When the cells are put back into patients after being genetically edited, they immediately spot the cancer cells, fire on them and multiply to kill more cancer cells. "It's as if you put a warhead inside the T-cell," André Choulika, CEO of Cellectis, told Mic. "The cells can melt down two pounds of tumor cells in two weeks."
Despite all the progress made with gene editing and its huge potential, many are still skeptical or frightened of the science; gene editing makes them think of the "Tomacco" episode of The Simpsons. But what you need to know about TALEN is that it falls under the category of gene editing, not gene therapy. Gene therapy involves adding new foreign matter to a cell, the same process involved in traditional genetically modified foods. Gene editing means you change out a bad or ineffective gene, fixing the problem by going right to the DNA.
"It's like you have a flat tire on a car," Choulika told Mic. "Gene therapy is putting a fifth wheel that would allow you to move the car. Gene editing is replacing the flat tire."
Cellectis now has a freezer full of vials of edited T-cells, ready to treat cancer patients. But there's a lot that could prevent the drug from reaching them.
"The cells can melt down two pounds of tumor cells in two weeks."
First of all, Richards' case was unique. The vial of cells doctors used was approved by an ethics committee for this specific use, not for every case hereafter. And it was a compassionate-use situation, meaning the 1-year-old had no other options.
Moreover, the road from phase-one clinical trials (in which Cellectis is now) to market is long and full of potholes. The universal T-cells need to be trialled on a series of different patients to find the highest doses that can be used. If the successful results of Richards' case can be reproduced reliably, only then can the edited T-cells be shown to a regulatory board like the Food and Drug Administration.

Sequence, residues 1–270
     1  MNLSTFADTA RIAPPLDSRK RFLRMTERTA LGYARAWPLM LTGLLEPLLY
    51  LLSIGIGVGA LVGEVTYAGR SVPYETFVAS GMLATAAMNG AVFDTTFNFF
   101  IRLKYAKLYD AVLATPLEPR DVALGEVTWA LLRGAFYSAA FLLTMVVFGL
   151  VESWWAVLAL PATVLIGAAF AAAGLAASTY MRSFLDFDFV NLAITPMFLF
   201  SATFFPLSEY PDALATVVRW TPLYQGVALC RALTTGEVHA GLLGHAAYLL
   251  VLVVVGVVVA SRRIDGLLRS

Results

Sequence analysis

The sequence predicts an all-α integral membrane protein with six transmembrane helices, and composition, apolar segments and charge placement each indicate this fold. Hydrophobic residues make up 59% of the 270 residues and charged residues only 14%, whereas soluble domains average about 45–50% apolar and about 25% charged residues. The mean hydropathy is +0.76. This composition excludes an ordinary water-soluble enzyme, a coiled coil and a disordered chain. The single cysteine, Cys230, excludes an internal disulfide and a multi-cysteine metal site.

Choulika's team accomplished something massive: It injected genetically edited cells into an infant and wiped out her tumors. But that's not all gene editing can do.
"With gene editing, you can help people with cystic fibrosis or muscular dystrophy," Choulika told Mic. "You can clip the virus out from the genome, chop out HIV that's integrated in your genes."
Gene editing could be the new frontier in not only oncology, but other medical fields. Which is why, as Professor Dirk Busch, a research leader from the Technical University of Munich who presented at AAAS 2016, pointed out the growing interest from both the academic and industrial communities. Case in point: the recent $300 million partnership between pharmaceutical magnate Bayer and gene editing startup CRISPR Therapeutics.
A race both to lead the way on this research and reap its lucrative benefits means one thing: We're on the cusp of discovering an indomitable, futuristic medicine to fight cancer, one of humanity's greatest natural scourges — and it was born in a petri dish.